It is commonly thought that genes determine gender. But do they? If an individual believes she is a woman, looks like a woman, acts like a woman, and has female external genitalia but instead of the usual XX chromosomes and ovaries has XY chromosomes and internal testes, is "she" really a "he"? For 30 years, starting in 1968, the International Olympic Committee (IOC) tested the chromosomes (which consist of genes) of all female athletes to disqualify those with a Y chromosome from competing as women. Such individuals were believed to have an athletic advantage over "normal" women. The sex test led to the disqualification of approximately 1 in 400 athletes per competition. This past year the IOC decided to suspend chromosome testing in the Olympics because, as leading geneticists and physicians have argued for years, XY does not always equal male.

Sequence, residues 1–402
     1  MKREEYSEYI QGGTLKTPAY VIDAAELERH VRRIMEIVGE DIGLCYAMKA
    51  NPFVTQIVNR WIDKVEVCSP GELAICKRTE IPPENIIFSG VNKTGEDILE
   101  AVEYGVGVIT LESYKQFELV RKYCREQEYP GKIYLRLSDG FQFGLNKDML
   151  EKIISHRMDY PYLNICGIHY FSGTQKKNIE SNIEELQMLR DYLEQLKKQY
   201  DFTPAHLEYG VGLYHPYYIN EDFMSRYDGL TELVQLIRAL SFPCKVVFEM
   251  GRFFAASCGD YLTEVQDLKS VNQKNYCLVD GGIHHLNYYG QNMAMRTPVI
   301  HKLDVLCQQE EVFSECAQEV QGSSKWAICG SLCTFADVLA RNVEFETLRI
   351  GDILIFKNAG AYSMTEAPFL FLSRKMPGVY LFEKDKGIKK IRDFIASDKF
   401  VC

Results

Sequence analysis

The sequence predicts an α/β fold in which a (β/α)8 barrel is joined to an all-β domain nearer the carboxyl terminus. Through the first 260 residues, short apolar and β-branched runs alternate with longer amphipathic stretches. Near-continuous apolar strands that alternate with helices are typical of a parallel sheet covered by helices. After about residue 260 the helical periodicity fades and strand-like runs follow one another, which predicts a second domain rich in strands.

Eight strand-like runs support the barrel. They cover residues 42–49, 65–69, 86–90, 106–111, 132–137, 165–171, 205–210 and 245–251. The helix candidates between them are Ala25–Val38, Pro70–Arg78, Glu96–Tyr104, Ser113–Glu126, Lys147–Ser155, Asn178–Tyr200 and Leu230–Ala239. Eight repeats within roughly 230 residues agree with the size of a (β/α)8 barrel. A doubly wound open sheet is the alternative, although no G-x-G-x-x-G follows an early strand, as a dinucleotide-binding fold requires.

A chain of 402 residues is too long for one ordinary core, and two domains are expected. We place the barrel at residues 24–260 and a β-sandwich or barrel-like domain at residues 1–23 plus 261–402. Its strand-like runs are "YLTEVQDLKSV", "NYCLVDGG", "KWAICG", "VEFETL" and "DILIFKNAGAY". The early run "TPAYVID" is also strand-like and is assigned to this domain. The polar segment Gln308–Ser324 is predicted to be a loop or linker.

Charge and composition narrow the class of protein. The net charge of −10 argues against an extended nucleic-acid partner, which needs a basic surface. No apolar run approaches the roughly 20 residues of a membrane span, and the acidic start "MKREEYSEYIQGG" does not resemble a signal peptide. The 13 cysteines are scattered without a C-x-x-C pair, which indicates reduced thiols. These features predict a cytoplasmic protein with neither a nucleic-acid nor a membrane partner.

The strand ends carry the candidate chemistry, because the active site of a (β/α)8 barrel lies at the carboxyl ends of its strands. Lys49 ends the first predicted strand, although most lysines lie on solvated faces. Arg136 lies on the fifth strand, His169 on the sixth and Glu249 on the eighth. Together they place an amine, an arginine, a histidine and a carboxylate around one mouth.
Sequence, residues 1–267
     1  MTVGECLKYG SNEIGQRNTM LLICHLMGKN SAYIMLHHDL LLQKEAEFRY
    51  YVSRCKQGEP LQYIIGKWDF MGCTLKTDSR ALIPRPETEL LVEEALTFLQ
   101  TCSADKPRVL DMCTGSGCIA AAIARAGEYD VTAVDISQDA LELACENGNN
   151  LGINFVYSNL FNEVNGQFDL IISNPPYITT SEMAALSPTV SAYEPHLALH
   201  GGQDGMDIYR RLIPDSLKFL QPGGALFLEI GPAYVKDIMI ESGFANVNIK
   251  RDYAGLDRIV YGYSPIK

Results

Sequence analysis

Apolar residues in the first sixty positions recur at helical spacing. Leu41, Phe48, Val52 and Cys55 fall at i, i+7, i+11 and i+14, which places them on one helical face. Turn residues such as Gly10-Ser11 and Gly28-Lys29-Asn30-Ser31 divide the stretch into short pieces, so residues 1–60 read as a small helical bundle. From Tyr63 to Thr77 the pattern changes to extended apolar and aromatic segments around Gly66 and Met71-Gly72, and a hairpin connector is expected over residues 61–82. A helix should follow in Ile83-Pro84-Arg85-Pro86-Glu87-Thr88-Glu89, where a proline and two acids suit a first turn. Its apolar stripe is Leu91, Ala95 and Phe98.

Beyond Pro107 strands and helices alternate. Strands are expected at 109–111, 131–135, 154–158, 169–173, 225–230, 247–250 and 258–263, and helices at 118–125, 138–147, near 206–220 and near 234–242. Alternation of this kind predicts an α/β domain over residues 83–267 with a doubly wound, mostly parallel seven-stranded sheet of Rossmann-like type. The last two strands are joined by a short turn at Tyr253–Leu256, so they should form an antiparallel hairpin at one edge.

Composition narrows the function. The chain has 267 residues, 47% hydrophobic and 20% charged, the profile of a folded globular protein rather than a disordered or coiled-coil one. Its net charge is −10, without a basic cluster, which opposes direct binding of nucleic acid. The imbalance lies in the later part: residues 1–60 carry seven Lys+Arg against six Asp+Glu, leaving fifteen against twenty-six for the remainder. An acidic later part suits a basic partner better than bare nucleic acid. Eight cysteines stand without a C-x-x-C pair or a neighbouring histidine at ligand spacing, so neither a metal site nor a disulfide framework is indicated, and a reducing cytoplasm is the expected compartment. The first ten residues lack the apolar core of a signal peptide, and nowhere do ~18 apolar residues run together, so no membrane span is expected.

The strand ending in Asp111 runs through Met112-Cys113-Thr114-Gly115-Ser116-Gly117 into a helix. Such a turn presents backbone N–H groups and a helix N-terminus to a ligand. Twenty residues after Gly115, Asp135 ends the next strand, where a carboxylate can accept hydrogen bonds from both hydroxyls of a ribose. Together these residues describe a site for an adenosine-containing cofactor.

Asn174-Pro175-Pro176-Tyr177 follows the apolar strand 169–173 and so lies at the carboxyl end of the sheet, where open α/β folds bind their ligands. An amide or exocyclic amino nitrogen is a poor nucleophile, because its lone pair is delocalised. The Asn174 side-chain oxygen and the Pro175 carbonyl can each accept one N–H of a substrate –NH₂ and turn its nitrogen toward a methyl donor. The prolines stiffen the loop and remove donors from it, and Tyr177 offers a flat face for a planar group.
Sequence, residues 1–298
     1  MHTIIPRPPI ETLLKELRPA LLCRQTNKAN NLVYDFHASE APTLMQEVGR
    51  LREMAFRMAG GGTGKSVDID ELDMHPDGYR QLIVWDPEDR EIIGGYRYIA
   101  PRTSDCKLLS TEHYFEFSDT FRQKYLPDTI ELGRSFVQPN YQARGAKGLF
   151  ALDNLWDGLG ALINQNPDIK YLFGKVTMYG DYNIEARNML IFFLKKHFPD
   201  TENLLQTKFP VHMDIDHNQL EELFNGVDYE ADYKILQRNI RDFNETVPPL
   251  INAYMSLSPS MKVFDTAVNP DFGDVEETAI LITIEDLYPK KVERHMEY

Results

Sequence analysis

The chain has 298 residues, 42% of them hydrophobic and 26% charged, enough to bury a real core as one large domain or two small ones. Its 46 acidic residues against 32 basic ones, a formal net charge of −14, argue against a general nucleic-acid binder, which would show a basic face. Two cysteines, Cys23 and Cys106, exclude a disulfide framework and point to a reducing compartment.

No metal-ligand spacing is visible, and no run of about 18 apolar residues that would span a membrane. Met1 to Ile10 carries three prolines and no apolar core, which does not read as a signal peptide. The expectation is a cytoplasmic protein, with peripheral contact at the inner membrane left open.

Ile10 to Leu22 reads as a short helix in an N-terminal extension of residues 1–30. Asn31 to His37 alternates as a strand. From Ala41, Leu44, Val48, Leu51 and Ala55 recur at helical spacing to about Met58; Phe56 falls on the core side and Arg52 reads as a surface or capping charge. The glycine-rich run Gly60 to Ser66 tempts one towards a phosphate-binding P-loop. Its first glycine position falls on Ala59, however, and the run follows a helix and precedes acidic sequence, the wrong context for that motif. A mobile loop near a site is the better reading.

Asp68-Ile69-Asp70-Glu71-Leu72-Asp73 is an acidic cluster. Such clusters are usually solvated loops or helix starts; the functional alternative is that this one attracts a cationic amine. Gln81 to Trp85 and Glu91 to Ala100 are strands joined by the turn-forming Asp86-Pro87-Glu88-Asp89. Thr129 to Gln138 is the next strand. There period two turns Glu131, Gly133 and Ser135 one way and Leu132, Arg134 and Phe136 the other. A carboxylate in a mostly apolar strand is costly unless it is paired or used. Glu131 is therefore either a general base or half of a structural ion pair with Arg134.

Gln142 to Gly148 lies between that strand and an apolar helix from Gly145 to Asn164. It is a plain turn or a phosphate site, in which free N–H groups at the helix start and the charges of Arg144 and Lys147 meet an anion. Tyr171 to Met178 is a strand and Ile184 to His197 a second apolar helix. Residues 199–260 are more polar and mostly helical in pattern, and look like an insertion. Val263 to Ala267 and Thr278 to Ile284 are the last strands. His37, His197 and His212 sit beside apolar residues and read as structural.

The thought of individuals whose anatomy is female but whose chromosomes are male or of persons who have both male and female sexual organs in their abdominal cavities makes most people uneasy. The idea of mixed sexual organs or ambiguous genitalia contravenes one of the most fundamental premises in American society--dimorphic expression of sex. We think we know that at least the genes and the anatomy line up to specify male or female.

Based on this premise, gender identity occupies a key position in the broader category of personal identity, and little leeway exists for those whose combination of genes and anatomy lies outside both the male and female categories, other than to join one of the two sexes. As the renowned and highly controversial sexologist Dr. John Money of Johns Hopkins University once said, "It seems just fine in our society to have birth defects of any organ--as long as it isn't the sex organs."